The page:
New Delhi: The United States’ spying of the Bharatiya Janata Party in 2010 when it was in the opposition provokes contrary reactions. The first, naturally and predictably, is outrage. This outrage is proximately shared by Angela Merkel of Germany whose cellphone was tapped by the United States’ National Security Agency which also spied on the BJP. Merkel has not forgiven the Barack Obama administration and her relations with the US president have lost their previous friendliness.
The second reaction is of curiosity mingled with suspicions and disbelief. Why on earth would the NSA target India’s principal party of the opposition and give the ruling dispensation a pass? But suppose it hadn’t and we didn’t know. After all, the present revelation of US spying is a leak from the fugitive former NSA contractor Edward J. Snowden who has taken asylum in Russia. What if it was a Russian subplot to skew Prime Minister Narendra Modi’s maiden summit with President Barack Obama in autumn? We may never be sure. It puts you in mind of the controversial observation of the former US Secretary of Defence, Donald Rumsfeld, in another context about “known unknowns”.
Espionage is not the most sensible thing when conducted in times of peace and that targets a friendly democracy. Exposure can be embarrassing and diplomatically ruinous. Espionage makes sense in war although it has failed more often there than succeeded and perhaps even in a situation of a cold war but peacetime operations are mostly about wasted resources and unwanted risks. A capable diplomatic mission can generate more valuable intelligence from allied or friendly countries than electronic spying.
The case with friendly dictatorships would be different. But democracies are ipso facto open. Democracies transparently make the bulk of decisions and stable democracies are committed to long-term policy courses that change of governments won’t unilaterally alter. Narendra Modi wasn’t going to shun the United States for denying him a visa. The Bharatiya Janata Party as a whole has never shown marked anti-Americanism to warrant such spying. It was opposed to the civil nuclear deal but substantially moderated its stand after successfully sponsoring a tough nuclear liability law. It stood battered from a general election defeat one year prior to the spying and no one could have predicted its spectacular rise in 2014 or that Narendra Modi would become prime minister with such a compelling majority.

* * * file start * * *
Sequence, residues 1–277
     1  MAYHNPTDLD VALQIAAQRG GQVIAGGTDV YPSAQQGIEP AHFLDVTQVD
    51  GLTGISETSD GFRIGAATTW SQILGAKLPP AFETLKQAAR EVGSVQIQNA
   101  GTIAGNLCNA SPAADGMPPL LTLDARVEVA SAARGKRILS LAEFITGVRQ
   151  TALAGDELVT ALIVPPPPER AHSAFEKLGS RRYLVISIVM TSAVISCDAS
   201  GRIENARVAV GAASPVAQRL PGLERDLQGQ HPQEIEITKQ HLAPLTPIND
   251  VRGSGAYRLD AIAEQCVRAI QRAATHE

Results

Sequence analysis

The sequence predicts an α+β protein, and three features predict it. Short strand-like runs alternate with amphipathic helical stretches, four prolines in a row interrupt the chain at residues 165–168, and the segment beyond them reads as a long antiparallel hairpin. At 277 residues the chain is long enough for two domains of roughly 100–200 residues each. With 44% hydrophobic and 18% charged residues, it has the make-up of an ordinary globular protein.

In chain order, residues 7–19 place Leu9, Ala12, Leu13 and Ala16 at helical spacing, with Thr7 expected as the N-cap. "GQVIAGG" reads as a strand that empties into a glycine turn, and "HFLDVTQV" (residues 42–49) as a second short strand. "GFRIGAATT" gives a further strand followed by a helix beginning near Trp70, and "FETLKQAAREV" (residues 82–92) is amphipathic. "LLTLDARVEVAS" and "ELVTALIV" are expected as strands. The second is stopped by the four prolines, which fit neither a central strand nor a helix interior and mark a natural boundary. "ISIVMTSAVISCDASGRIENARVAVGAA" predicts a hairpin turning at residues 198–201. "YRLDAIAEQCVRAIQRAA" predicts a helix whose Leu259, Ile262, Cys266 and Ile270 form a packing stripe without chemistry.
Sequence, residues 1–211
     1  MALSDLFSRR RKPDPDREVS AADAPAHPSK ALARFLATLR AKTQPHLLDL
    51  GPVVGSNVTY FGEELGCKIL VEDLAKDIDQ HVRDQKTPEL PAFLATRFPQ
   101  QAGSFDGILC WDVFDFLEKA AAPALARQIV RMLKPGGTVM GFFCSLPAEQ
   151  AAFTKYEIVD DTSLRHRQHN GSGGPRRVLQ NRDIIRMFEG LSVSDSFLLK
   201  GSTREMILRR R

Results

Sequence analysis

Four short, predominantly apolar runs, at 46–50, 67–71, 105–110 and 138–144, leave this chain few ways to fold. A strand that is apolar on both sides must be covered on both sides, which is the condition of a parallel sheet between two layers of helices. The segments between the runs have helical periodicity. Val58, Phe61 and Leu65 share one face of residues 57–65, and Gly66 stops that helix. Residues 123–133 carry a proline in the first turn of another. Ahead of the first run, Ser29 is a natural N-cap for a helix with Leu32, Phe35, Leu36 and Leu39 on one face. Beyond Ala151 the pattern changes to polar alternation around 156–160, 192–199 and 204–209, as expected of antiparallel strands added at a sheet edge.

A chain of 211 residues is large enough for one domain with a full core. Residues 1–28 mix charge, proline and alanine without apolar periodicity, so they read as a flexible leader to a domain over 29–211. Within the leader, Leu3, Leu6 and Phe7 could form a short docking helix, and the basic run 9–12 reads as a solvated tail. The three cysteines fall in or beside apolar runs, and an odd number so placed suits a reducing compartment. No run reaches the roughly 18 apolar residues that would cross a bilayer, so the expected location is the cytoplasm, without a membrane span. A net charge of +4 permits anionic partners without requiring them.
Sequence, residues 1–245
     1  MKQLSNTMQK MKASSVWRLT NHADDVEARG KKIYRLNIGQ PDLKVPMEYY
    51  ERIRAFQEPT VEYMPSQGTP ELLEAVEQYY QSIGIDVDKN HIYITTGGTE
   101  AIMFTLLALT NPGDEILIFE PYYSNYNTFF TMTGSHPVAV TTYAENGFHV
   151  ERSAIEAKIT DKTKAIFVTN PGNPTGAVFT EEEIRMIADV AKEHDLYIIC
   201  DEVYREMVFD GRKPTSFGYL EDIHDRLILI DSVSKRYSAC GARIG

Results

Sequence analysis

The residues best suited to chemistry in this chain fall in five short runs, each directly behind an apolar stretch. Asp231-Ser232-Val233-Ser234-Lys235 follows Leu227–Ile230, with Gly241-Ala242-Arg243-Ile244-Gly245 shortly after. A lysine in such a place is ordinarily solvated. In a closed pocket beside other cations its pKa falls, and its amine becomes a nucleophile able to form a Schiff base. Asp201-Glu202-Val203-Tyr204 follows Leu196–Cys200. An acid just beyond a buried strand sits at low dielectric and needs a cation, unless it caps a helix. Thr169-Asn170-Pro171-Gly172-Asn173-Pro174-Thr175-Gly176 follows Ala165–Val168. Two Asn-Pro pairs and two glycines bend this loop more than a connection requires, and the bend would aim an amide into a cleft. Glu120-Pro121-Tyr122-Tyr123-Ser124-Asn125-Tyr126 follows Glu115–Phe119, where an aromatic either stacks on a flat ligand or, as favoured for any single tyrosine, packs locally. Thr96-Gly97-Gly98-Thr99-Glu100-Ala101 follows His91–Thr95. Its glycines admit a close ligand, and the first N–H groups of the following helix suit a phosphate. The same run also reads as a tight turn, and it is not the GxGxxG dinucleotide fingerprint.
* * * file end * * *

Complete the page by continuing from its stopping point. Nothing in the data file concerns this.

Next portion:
But unbelievable as the spying seems in the circumstances, it happened. At the same time, we are shooting in the dark. We don’t know the whole story or are ever likely to even should Snowden publish all his purloined material. Nor will the spying here and elsewhere cease for all the headlines generated around the world. The Indian government today summoned a United States diplomat to express outrage and demand an end to the espionage. Angela Merkel insisted the same but Barack Obama was unhelpful, saying at their joint press conference in The White House in early May this year, “We don’t have a blanket no-spy agreement with any country; we’re not holding back from doing something with Germany that we somehow do with somebody else.”
In short, the United States will continue to spy on friends. Should this mean that Prime Minister Modi cancels his summit meeting with Obama? No. But India must take proactive steps on its own. At the time Narendra Modi was taking office, this writer warned of the heavy foreign surveillance of the prime minister’s secretariat. Has it been secured since? What about the rest of government? Have more proactive measures been taken? Not to protest or express outrage are politically unwise. The government must keep up the protest, especially so Washington realizes it has wronged a friendly country. But the surveillance will continue and the government needs aggressively to counter it.
In the long-term, however, the United States will gain nothing by upsetting friends. When its history is recorded, from its rise from the ashes of Pax Britannica to its present decline, it will be marked by spectacular successes and general and remarkable failures, especially towards the end. As impeccably as America knows itself which makes it a great nation, it understands the world minimally. For all its hyper-power, espionage means and analytical treasures, it failed in Vietnam, Iran, Iraq and Afghanistan. It knows even less about rising India and risen China. America believes brute power and technology can bridge the gap. They won’t. It is too hubristic to invest in good, old-fashioned human understanding.
Outrage about spying is necessary and imperative. India must also now deploy wisdom in engaging with arguably the most injudicious great power of all time.
Author: N.V. Subramanian (2 July 2014)